Like any type of alcohol, it’s important to track how much you’re drinking. The way spirits are served and consumed can make this difficult.
However, spirits aren’t any more harmful than other types of alcohol if you follow the UK Chief Medical Officers’ (CMO) low risk drinking guidelines and do not regularly drink more than 14 units a week.
Understanding units and the low risk guidelines
The low risk drinking guidelines recommend that both men and women are safest not to regularly drink more than 14 units a week.
Regularly exceeding the guidelines could increase your chances of developing long-term health conditions including diabetes and cancer, could affect your mental health and your appearance.
A single 25ml measure of spirits contains one unit. That might not sound like much, but because spirits can be consumed quickly, units may rapidly stack up.
In terms of Alcohol by Volume, spirits are much stronger than other alcoholic drinks like wine or beer.
For instance, standard spirits are often around 35-40% Alcohol by Volume (ABV). This means that they contain 35-40% of pure alcohol.
In comparison, a pint of beer is often around 5% ABV, and a glass of wine 11%.
It's important to remember that many spirits can be much stronger than 40% ABV so be sure to check the strength of what you're drinking. You’ll find the ABV on the side of the bottle, or ask at the bar.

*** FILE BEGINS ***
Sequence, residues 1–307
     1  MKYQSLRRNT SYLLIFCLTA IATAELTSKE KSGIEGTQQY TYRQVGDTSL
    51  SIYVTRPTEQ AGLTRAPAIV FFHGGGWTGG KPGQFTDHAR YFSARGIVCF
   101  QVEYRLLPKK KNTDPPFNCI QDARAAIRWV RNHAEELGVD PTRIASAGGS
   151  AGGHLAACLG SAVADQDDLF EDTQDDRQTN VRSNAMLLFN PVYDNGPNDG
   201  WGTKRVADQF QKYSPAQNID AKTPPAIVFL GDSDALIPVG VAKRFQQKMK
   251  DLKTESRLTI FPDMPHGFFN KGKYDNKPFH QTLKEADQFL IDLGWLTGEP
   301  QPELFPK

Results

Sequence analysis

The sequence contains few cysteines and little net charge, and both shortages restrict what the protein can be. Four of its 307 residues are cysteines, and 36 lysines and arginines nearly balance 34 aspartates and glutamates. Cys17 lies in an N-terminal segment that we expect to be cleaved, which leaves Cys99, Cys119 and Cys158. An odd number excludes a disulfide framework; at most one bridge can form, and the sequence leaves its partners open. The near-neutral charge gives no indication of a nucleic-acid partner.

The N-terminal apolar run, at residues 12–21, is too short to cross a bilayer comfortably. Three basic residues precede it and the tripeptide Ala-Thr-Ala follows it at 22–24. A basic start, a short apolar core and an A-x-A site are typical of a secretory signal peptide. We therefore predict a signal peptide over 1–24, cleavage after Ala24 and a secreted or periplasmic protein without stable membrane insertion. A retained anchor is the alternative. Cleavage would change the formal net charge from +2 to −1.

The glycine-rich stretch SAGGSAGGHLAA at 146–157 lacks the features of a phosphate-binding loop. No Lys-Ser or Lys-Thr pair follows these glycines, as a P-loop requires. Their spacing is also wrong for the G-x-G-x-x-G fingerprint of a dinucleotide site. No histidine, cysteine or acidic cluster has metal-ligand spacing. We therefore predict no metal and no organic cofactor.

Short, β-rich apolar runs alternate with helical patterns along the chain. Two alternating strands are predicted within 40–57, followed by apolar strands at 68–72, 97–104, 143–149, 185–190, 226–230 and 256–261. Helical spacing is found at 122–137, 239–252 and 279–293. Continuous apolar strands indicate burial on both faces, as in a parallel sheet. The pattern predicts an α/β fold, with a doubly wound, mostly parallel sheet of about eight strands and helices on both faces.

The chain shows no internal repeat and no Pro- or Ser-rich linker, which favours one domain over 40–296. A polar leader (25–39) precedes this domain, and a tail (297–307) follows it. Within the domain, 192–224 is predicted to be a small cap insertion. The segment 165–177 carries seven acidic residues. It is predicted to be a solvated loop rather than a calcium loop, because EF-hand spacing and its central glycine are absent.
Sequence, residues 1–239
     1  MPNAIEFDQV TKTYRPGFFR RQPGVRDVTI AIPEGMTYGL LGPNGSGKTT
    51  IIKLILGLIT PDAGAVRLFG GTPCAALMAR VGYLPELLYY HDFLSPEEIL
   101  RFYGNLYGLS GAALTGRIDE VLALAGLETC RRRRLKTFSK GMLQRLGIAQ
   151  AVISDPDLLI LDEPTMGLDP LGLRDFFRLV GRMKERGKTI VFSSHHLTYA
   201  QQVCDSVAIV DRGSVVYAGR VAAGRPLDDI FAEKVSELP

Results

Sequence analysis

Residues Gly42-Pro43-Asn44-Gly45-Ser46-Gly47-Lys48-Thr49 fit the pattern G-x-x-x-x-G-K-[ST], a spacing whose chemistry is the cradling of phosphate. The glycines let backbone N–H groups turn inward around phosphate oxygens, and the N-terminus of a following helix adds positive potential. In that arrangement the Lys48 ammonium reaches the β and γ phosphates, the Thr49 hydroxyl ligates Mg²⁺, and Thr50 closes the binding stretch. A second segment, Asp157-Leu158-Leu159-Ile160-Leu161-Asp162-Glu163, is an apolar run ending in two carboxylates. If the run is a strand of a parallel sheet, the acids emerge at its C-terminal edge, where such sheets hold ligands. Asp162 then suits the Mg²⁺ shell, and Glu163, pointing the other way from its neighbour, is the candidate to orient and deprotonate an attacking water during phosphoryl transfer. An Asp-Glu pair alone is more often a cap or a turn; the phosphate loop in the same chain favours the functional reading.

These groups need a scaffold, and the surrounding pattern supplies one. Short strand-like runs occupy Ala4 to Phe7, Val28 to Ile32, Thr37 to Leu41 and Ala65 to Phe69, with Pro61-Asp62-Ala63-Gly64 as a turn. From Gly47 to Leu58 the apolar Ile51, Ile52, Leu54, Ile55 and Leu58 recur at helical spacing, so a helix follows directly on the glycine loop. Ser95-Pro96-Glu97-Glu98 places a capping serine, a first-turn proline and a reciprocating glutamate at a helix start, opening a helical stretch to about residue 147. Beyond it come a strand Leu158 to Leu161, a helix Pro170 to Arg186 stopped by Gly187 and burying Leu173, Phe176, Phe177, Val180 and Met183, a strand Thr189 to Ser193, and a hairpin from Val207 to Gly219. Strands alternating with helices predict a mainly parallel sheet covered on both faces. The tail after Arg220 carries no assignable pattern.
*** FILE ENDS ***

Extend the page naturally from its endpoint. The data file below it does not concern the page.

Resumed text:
Spirits are often served with non-alcoholic mixers. These mixers hide the taste of alcohol, making them easy to drink, meaning they can be consumed quickly – so it pays to keep tabs on how much you’re drinking.
Spirits and drinking speed
Spirits are sometimes called “shorts”, and for a good reason. In a bar or pub they’re usually served in 25ml measures (35ml in some places), 50ml for a double.
That isn’t a lot of liquid – by comparison a pint of beer is 568ml and a small glass of wine 125ml. This means, even when served with a mixer, spirits can be consumed faster than other alcoholic drinks.
This is especially true of shots. Shots can be a single spirit, or two or more mixed together. They’re designed to be drunk in one go, and so hit the blood-stream very fast.
They’re often consumed alongside other drinks, which means taking on-board a lot of alcohol very quickly.
Cocktails can contain a lot of alcohol as well, especially if they’re home-made. For instance, a Negroni can include three shots of three different alcoholic drinks – one spirit and two liqueurs –in total, which is equal to two units. That’s the same as a whole pint of regular strength beer, in around 75ml of liquid.
Because spirits can be consumed quickly, it may mean you’ll drink more than you want, faster than you’d like. This can make you more vulnerable, and more likely to make bad decisions – like ditching your friends or taking an unregistered cab.
Pouring drinks at home
Unless you are careful in how you pour them, drinks made with spirits at home can contain more alcohol than the standard 25ml measure served in a pub or bar, which can make it hard to track how much alcohol you’re drinking.
Mixing the drinks yourself is a good way to stay in control. Using a measure, like our unit measure cup, can also help, as it provides a more accurate pour than just measuring “by eye”.
There’s another important thing to think about when making drinks at home. Soft drinks used as mixers can mask the taste of alcohol – so it can be tough to work out how strong a drink really is. This is also true for alcopops.